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Gouldian finches are followers with black-headed females taking the lead

O'Reilly, AO, Hofmann, G and Mettke-Hofmann, C (2019) Gouldian finches are followers with black-headed females taking the lead. PLoS One, 14 (4). ISSN 1932-6203

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Colour polymorphism is a widespread phenomenon and often encompasses different behavioural traits and strategies. More recently, it has been shown that morphs can also signal consistent individual differences (personality). An example are Gouldian finches that show discrete head colour morphs in the same population with red-headed birds being more aggressive but less risk-taking and explorative than black-headed birds in the lab. The current study aimed to investigate the link between head colour and behavioural traits in a naturally risky situation in the wild by recording the order of descent at waterholes in relation to hypotheses considering conspicuousness, dominance relationships and experience. Other bird species at the waterholes were also included in the study. Adult Gouldian finches generally preceded juveniles and among the adults the least conspicuous black-headed females descended first to the waterhole. Overall, females descended before the males though this pattern disappeared later in the season likely due to family groups breaking up and releasing males from attending to the juveniles. Finally, Gouldian finches almost always followed other species, particularly Long-tailed finches, to the ground rather than taking the lead. A two-level process of decision-making seems to explain the responses best: on the first level, experience separates adults from juveniles with adults preceding juveniles and on the second level, conspicuousness acts as a factor among the adults with the least conspicuous category taking the lead. Future studies should directly test the link between head colour and personality in the wild, look more into seasonal effects and investigate whether Gouldian finches use Long-tailed finches as an indicator of safety.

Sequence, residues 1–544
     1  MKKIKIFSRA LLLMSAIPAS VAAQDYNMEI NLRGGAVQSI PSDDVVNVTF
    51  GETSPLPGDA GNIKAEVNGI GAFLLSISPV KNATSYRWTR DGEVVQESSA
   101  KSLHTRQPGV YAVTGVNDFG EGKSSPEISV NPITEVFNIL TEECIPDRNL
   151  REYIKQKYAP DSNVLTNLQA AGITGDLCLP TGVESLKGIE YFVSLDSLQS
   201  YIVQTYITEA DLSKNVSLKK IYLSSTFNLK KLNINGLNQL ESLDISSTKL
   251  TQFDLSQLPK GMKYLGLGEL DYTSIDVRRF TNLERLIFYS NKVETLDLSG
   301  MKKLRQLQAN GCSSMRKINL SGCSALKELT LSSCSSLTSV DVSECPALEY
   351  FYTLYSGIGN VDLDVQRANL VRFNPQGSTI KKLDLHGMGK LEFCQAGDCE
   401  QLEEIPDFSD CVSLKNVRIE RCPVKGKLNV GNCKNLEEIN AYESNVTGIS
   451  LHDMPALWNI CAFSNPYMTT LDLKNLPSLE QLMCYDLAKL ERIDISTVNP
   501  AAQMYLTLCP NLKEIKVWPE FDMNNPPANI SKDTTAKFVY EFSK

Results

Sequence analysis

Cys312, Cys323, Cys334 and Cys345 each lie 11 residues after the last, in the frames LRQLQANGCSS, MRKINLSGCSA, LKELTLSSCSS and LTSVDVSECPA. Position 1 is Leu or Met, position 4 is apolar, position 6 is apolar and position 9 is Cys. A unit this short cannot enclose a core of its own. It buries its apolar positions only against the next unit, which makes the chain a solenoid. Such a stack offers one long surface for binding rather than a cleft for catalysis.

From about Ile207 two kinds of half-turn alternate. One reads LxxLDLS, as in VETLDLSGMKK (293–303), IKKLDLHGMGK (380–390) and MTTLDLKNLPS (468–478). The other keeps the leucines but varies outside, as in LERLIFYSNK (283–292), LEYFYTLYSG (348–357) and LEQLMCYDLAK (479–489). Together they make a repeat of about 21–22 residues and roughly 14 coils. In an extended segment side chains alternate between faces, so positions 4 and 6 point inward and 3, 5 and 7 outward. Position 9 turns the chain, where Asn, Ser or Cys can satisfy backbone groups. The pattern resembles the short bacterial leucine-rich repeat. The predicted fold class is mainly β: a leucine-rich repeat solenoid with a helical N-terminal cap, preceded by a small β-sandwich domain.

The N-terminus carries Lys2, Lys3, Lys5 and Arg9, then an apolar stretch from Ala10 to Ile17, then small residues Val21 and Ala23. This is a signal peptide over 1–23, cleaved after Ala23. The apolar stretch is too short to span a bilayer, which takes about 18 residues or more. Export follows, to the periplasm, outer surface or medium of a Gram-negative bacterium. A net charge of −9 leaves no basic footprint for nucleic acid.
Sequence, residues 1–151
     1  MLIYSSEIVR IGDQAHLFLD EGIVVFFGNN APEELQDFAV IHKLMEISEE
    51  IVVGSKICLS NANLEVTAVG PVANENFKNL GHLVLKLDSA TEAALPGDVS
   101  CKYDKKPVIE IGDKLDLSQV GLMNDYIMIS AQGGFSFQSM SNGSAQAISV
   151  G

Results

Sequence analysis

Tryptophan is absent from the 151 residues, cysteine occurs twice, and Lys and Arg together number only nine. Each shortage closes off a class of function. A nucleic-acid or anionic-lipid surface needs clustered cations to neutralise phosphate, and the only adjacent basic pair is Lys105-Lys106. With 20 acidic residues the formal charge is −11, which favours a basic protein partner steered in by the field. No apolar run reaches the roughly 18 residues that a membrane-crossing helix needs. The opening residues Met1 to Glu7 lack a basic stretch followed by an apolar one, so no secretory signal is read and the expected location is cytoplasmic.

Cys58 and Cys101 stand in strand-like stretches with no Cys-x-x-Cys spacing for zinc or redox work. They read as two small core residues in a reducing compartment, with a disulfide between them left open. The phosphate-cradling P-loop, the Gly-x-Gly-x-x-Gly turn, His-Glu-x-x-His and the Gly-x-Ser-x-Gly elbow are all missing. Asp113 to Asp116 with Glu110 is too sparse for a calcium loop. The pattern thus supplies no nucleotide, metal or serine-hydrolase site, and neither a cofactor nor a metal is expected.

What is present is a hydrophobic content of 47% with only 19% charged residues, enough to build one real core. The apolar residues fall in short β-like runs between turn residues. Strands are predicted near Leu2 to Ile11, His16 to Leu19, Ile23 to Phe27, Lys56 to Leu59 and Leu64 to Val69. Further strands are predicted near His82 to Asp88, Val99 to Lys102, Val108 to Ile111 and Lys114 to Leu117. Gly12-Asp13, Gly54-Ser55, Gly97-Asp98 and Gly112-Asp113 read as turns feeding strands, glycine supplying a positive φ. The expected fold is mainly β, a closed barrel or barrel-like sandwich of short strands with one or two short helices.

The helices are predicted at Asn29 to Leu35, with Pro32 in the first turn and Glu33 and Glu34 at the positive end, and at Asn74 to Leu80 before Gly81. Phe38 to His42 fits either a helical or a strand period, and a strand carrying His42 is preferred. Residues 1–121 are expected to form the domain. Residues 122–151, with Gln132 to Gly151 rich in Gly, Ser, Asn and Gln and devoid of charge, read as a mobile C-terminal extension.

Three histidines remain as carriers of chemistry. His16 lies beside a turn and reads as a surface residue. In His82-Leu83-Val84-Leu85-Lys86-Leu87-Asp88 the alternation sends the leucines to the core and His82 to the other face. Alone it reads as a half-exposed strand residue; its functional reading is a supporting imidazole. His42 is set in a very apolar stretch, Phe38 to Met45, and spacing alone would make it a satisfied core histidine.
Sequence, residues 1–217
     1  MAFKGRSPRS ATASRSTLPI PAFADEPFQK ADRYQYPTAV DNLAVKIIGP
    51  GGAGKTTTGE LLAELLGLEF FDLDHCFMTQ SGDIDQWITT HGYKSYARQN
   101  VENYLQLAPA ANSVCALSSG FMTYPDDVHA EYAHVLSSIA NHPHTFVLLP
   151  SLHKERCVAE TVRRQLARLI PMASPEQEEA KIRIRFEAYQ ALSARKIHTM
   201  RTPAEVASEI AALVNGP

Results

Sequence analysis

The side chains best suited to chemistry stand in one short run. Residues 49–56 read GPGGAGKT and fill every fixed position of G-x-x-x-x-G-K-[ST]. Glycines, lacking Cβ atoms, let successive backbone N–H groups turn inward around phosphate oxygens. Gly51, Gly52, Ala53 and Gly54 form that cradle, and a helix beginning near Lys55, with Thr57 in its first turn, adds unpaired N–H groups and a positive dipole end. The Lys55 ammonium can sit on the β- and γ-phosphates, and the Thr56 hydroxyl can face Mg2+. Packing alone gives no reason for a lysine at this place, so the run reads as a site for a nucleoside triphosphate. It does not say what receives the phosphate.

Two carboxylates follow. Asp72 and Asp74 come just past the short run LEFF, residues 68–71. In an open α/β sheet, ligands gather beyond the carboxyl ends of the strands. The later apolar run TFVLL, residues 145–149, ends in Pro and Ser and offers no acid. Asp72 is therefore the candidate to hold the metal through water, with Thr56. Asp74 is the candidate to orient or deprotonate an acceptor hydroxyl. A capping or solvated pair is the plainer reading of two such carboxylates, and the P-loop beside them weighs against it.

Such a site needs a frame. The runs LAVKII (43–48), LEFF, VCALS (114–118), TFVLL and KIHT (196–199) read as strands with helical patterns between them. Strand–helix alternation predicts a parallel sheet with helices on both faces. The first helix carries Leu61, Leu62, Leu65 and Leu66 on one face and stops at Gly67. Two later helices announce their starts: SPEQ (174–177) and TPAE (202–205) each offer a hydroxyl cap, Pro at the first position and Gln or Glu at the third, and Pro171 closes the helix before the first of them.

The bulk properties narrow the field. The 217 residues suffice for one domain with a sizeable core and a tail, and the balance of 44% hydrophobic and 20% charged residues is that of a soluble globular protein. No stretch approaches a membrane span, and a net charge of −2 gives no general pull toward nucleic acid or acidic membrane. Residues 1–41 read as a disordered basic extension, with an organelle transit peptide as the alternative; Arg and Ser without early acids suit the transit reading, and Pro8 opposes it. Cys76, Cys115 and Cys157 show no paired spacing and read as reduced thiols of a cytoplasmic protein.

Item Type: Article
Additional Information: O’Reilly AO, Hofmann G, Mettke-Hofmann C (2019) Gouldian finches are followers with blackheaded females taking the lead. PLoS ONE 14(4): e0214531.
Uncontrolled Keywords: MD Multidisciplinary
Subjects: Q Science > QL Zoology
Divisions: Natural Sciences & Psychology (closed 31 Aug 19)
Publisher: Public Library of Science
Date Deposited: 16 May 2019 08:27
Last Modified: 04 Sep 2021 09:31
DOI or ID number: 10.1371/journal.pone.0214531
URI: https://researchonline.ljmu.ac.uk/id/eprint/10505
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